Lilly Rios, 17, works the counter on Wednesday, Feb. 2, 2022, at the Dairy Queen in Rio Rancho. Teens are filling many vacancies at restaurants. Matt Hollinshead photo.

As Rio Rancho-area restaurants continue the difficult task of filling vacancies, one group is helping fill those roles in recent months: teenagers.

Rio Rancho Regional Chamber of Commerce President and CEO Jerry Schalow said teens ages 15 to 19 are filling many of the openings for the reeling food industry, whether those jobs are working the counter or in the kitchen.

“If you walk into any restaurant or retail establishment right now, and if it’s after school hours, you can see how many are really, really young,” Schalow said.

He also said it was harder in some cases for teenagers to land restaurant and retail jobs pre-pandemic because of the labor market, but now they make up the largest amount of such hires.

“It’s really creating a hard-working group of teenagers that are learning the importance of work, the importance of doing a great job and the importance of making money and helping the economy,” he said.

According to data from the New Mexico Department of Workforce Solutions, Sandoval County’s unemployment rate went from 9.2 percent in January 2021 to 4.7 percent in December 2021.

Schalow said that although that drop means fewer people are filing for unemployment, plenty of job vacancies remain. He also said the decreased unemployment numbers may indicate a number of remote workers who aren’t necessarily accounted for.

‘We’re always looking’

Whiptail eatery owner Chastity Bustos said her employees must be at least 19 to serve alcohol, but she is open to hiring teenagers to fill other vacancies.

Aside from helping ensure business growth, Bustos said a positive work environment “for the new, up and coming age demographic” is something she’d bring to the table.

“We’re always looking, because we’re brand new and we’re growing. So, I’m always taking applications to fill spots,” she said. “My ‘now hiring’ sign will probably forever be out because in the restaurant industry, there’s high turnover.”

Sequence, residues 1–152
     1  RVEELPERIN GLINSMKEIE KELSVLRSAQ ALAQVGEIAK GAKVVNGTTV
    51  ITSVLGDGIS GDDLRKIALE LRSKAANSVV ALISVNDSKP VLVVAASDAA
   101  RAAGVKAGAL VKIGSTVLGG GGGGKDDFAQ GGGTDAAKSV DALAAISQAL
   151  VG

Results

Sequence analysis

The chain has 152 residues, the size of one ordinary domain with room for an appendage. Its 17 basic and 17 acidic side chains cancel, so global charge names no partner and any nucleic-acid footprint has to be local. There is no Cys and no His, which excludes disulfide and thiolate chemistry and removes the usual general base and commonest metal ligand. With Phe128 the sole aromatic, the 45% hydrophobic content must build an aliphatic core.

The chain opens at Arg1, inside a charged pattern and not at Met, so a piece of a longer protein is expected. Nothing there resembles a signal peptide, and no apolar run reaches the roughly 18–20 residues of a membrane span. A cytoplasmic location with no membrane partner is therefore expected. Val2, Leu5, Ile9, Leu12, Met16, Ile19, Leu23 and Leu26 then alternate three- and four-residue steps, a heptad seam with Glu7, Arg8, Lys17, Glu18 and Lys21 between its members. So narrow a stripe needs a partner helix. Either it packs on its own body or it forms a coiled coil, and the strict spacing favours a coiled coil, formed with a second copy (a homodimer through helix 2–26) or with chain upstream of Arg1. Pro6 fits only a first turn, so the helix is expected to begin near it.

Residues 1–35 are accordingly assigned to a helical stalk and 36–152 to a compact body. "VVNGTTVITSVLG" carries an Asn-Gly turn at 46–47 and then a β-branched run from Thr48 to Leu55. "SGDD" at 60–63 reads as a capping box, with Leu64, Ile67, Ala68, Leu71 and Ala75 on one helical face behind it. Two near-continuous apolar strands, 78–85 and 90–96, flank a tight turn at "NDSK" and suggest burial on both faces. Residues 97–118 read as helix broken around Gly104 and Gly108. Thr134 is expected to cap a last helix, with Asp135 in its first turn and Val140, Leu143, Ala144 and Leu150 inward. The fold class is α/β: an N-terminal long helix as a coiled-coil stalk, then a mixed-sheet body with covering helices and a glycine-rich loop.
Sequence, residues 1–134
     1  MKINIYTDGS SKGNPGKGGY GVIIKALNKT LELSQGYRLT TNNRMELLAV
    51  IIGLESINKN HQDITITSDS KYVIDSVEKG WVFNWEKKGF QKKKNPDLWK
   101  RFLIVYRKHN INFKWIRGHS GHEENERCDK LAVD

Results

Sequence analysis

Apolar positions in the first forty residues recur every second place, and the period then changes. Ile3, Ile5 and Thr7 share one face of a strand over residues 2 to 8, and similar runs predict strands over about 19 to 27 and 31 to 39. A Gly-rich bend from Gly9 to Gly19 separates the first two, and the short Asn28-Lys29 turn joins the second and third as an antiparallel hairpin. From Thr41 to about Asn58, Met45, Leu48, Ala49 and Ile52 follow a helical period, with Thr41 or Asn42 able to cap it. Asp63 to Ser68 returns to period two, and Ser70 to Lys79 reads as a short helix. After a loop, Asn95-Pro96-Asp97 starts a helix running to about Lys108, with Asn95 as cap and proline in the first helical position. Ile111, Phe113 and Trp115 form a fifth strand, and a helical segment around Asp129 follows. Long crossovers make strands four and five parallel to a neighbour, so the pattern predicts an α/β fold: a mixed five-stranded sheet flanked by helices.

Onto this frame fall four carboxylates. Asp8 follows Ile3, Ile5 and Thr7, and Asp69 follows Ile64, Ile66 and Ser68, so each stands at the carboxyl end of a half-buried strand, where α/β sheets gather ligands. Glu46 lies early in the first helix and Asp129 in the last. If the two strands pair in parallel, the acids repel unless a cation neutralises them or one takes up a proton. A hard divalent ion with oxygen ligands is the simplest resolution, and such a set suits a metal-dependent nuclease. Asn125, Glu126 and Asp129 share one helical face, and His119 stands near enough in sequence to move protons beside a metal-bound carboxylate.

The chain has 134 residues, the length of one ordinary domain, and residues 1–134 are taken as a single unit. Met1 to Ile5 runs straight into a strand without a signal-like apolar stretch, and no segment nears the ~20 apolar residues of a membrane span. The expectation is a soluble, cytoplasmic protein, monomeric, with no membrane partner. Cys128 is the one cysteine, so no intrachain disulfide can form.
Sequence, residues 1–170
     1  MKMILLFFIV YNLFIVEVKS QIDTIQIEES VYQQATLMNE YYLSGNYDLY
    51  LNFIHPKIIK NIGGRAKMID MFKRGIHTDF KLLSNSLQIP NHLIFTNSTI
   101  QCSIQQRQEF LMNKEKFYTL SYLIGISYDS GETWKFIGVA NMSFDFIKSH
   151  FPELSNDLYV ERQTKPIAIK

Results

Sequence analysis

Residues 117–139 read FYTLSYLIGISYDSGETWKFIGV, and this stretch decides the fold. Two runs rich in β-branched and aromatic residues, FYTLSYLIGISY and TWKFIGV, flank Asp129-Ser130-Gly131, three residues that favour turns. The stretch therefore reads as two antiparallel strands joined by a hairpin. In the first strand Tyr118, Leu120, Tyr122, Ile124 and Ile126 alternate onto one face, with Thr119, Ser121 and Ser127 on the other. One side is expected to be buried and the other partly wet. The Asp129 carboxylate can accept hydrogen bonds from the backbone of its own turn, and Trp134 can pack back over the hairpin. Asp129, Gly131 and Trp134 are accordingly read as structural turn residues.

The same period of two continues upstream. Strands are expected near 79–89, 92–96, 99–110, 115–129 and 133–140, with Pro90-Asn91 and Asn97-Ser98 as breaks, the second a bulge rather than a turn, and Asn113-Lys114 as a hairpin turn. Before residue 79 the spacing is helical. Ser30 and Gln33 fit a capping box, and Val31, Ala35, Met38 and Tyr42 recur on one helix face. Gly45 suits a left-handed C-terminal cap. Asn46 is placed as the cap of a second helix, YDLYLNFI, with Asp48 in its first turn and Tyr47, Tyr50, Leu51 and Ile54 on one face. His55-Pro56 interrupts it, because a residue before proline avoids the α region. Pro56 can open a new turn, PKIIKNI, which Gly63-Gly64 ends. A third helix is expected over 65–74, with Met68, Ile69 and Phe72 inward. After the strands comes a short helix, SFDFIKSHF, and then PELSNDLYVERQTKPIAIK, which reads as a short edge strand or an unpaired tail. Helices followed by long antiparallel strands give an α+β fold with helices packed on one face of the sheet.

Tony Otero, who owns the Dairy Queen in Rio Rancho, said a lot of eateries need to fill openings via teenage workers, adding they’re paying very good money to teens.

“You look up and down the street, everybody’s got ‘hiring’ signs. Everybody can hire people right now,” said Otero, whose staff is mostly comprised of high school kids.

He said his store has five vacancies.

“We need people now, as well as during the summer,” Otero said, adding that eateries hiring teens are working around those students’ extracurricular schedules. “This is an unusual situation we’re in. Five years ago, especially for me, it was easy to find employees… and now, we’re just having a hard time getting applications. … I know with the pandemic, a lot of parents didn’t want their kids working and stuff.”

Benefits teens bring

Schalow said the immediate benefit of teenagers joining the workforce is availability, despite the challenge of employers having to find time to train them.

“But once these folks are trained, they’re great employees,” he said. “There’s restaurants hiring someone that’s 16 years old waiting on tables, never waited on tables before. So they need to learn how to do customer service working with employees, working with customers.”

Bustos sees one key plus of hiring younger employees.

“When they come in at a younger age, they don’t have bad habits I have to break. I can mold them into what I need them to be,” she said.

Schalow said the opportunity for teenagers to get a job and make money never changed. It’s just that the opportunity’s made itself available because some prior workers chose not to return to the labor market or found a remote job.

Now that teenagers have been eligible to get a COVID-19 vaccine for months, Otero said he hopes they’ll be motivated to go out and get a job.

“The jobs are out there if they want to come get them,” he said.